a few stragglers remain.
a few stragglers remain.
The picture of the two of us,
pulled from my suit-coat pocket,
leans on my dresser.
Square with rounded corners,
faded blue ink–
Kodak May 1980–
printed on the back.
I scanned it for my lock screen, too,
so I can see myself
leaning up against her in the slanted spring light.
The first few days after
Mom taught me how to die
but when I walk outside,
leaves are turning and
afternoons are darker now.
Our home is a pale shade of blue,
one you might find looking west in the spring
minutes after sunrise,
or in a robin’s egg whose green tints
have been replaced by gentle grays.
It was once a deep red,
more readily apparent in recent years
from the street-facing, sun-bleached southern side,
where spots of peeling and chipping have grown
past neighborly size,
reflecting the same inertia
that has kept me from replacing
the almost imperceptibly dripping basement pipe.
I peel an orange –
the fruit itself is disappointing and dry;
my son pushes the lawnmower
back and forth across the lawn,
glancing to me each time he makes a turn.
It’s the first time I’ve stood back so far.
vivid yet feeble
evening’s rays only skim
deeply hardened snow
I’m finally looking into the cardboard box
I brought home from my mother’s house late last month;
The clementines she had insisted I take
and perched on top have long since been eaten;
it’s been otherwise untouched
sitting in the corner of the yellow room.
Two pairs of my infant pajamas–
The yellow, corduroy pair with the embroidered lion,
the faded white and green night dress.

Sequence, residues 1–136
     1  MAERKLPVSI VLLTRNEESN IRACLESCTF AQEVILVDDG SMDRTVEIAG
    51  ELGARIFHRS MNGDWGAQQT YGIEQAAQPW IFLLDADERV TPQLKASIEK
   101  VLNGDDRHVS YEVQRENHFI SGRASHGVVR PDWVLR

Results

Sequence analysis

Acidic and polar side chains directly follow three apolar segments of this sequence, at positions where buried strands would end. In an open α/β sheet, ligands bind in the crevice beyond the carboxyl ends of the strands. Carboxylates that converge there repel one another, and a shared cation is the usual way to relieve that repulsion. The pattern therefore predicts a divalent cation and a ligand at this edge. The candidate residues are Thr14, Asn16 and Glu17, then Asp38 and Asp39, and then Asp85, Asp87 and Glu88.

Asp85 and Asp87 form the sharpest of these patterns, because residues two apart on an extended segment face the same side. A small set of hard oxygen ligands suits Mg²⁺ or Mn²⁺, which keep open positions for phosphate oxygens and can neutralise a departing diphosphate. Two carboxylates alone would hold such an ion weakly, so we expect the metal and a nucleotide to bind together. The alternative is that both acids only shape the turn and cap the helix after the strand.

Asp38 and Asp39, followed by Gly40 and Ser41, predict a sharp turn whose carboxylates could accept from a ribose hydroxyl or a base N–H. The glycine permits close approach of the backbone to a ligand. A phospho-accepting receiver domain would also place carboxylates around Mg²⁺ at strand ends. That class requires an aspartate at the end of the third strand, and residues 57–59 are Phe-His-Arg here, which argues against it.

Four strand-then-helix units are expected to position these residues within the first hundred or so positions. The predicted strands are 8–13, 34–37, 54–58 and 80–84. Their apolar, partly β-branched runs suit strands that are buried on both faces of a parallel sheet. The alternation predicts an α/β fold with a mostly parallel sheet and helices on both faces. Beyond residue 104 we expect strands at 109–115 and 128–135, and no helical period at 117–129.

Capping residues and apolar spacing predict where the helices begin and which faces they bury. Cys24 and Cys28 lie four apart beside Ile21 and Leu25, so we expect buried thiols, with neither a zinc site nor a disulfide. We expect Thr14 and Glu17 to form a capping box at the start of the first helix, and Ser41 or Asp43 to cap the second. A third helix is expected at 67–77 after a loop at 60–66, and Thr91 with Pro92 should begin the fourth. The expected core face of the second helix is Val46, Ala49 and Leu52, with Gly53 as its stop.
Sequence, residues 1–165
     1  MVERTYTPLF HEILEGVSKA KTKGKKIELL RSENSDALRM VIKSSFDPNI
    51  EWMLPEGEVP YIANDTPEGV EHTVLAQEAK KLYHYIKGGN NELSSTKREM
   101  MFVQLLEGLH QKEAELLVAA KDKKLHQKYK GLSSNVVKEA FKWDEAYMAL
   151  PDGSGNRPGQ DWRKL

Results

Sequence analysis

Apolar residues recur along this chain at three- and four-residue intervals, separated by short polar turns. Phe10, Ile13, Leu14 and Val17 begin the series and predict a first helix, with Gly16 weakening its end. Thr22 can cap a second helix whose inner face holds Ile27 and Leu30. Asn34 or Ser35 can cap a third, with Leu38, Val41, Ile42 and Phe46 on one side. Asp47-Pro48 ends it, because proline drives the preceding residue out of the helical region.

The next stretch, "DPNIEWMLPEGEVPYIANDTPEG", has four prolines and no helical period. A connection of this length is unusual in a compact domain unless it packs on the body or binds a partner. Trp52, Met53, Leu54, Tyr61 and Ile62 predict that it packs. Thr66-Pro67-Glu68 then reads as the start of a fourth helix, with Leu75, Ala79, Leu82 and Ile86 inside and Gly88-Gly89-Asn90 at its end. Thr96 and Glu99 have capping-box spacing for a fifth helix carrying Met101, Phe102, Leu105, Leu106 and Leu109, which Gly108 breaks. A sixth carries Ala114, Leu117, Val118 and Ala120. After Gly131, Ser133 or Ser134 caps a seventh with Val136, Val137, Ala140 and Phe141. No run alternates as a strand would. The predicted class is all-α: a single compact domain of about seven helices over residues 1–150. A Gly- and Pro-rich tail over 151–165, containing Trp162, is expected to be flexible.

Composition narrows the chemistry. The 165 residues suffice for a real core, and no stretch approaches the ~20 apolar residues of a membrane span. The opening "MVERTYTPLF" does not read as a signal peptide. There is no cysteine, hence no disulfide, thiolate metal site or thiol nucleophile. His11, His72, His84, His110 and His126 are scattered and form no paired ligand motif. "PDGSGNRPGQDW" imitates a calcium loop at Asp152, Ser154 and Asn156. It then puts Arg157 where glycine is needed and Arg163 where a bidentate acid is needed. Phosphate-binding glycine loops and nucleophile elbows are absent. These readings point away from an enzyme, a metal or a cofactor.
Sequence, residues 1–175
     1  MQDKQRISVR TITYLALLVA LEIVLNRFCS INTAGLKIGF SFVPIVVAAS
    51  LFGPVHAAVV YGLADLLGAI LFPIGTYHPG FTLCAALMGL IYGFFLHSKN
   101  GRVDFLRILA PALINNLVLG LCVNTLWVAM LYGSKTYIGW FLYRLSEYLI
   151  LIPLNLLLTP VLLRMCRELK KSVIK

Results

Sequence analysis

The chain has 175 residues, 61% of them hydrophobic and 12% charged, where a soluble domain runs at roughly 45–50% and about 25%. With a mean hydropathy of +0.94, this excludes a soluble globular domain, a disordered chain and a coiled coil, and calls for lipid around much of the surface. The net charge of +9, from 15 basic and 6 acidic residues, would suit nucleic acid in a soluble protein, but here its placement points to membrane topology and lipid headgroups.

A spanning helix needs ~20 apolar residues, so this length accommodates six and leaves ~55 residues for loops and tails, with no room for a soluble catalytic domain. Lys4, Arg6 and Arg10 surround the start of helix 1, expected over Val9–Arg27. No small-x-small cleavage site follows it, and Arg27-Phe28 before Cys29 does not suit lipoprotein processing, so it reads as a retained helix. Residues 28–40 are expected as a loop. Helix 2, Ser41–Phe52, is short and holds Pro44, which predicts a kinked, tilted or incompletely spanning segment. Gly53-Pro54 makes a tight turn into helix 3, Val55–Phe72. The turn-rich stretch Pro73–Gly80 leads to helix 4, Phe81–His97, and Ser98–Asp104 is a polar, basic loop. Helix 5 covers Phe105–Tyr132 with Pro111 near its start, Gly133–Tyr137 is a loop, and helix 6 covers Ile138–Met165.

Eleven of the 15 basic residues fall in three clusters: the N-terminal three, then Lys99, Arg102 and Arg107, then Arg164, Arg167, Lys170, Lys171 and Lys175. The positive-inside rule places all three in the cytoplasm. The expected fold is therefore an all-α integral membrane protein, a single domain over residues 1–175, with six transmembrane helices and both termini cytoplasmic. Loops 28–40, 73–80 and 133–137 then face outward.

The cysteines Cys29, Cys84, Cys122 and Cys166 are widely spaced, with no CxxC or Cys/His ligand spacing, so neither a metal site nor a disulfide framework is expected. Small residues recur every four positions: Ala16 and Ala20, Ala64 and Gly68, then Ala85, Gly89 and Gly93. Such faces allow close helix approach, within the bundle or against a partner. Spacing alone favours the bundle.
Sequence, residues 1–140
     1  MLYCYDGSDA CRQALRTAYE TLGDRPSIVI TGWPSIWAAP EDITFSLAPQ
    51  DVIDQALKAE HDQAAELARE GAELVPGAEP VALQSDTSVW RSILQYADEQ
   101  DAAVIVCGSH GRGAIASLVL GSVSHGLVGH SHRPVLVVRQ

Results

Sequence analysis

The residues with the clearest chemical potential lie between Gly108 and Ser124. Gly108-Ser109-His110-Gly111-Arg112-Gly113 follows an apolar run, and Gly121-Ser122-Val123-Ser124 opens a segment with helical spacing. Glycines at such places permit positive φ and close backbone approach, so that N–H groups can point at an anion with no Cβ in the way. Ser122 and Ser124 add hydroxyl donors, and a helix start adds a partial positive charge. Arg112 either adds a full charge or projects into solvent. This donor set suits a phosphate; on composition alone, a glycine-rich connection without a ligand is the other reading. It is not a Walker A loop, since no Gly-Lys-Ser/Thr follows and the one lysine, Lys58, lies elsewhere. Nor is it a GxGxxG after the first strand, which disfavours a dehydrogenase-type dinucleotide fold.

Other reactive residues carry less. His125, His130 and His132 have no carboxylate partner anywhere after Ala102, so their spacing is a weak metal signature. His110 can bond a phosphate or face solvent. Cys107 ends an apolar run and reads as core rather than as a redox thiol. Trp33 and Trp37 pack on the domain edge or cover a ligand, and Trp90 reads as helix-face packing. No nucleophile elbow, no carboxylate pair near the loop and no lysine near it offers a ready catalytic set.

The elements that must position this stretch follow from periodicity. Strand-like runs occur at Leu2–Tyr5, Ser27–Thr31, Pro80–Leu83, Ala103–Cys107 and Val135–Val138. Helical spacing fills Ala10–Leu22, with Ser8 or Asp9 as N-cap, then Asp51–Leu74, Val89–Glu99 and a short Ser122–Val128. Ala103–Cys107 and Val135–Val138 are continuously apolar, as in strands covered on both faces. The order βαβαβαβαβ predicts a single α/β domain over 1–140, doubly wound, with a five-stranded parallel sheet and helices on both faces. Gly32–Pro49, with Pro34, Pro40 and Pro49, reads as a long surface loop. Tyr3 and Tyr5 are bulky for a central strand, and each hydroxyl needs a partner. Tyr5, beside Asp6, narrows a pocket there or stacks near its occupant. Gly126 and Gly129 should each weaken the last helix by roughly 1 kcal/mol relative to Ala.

She had remarked on the drawstring she had sewn into the bottom–
how it was still there–
the fold-over sleeves to keep me from scratching myself
as I slept in my crib.
My white shoes, too, laces gone,
but still with their impossibly stiff bottom;
my grandmother’s blue-and-white Canton ware,
wrapped in the 1975 Daily News of Bowling Green, Kentucky.
Just before I left,
we had sat on the basement couch flipping through
faded Kodak prints, square with rounded corners,
taken before we moved into the house on the hill.
We paused at one where I wore that night dress,
my sister and I standing
in the deep darkness of an evening east window.
There were others, too, from that forty-years-ago,
and she told me again about each one.
We had such fun, she said,
I’ve scolded my son for riding
the old green bike
(the one with training wheels that used to be his)
when he runs to get it before his little brother can,
riding it gleefully away from him.
Today, though, his brother wasn’t home;
so he pedaled slowly
around the driveway, pulled gently
at the duct-taped edge of the handle
as he rode.
I heard him talking softly to himself and
humming as he made lazy ovals
in the bright sunshine.
He kept going
until his sister called to him from the porch,
asked him what he was doing.
I heard the first words of the story
he began to make up,
then turned away so I wouldn’t
hear the end.
It’s supposed to be raining this morning,
but I awake without the sound
of small drops trickling from maple leaves or
spattering the old tin roof
outside our bedroom window –
either would have muffled the clinking of
spoons against the edges of
glass cereal bowls that
filters up from downstairs.
Yet well past the hour when
I often find myself alone,
you are still beside me,
I watch your breasts rise and fall
under the softness of your light blue camisole,
its narrow strap rising over your left shoulder
into a blur of light from the south window.
Your birthday is two days from now –
early forty-something this summer –
I should get up and settle the children’s argument,
plan for a gift.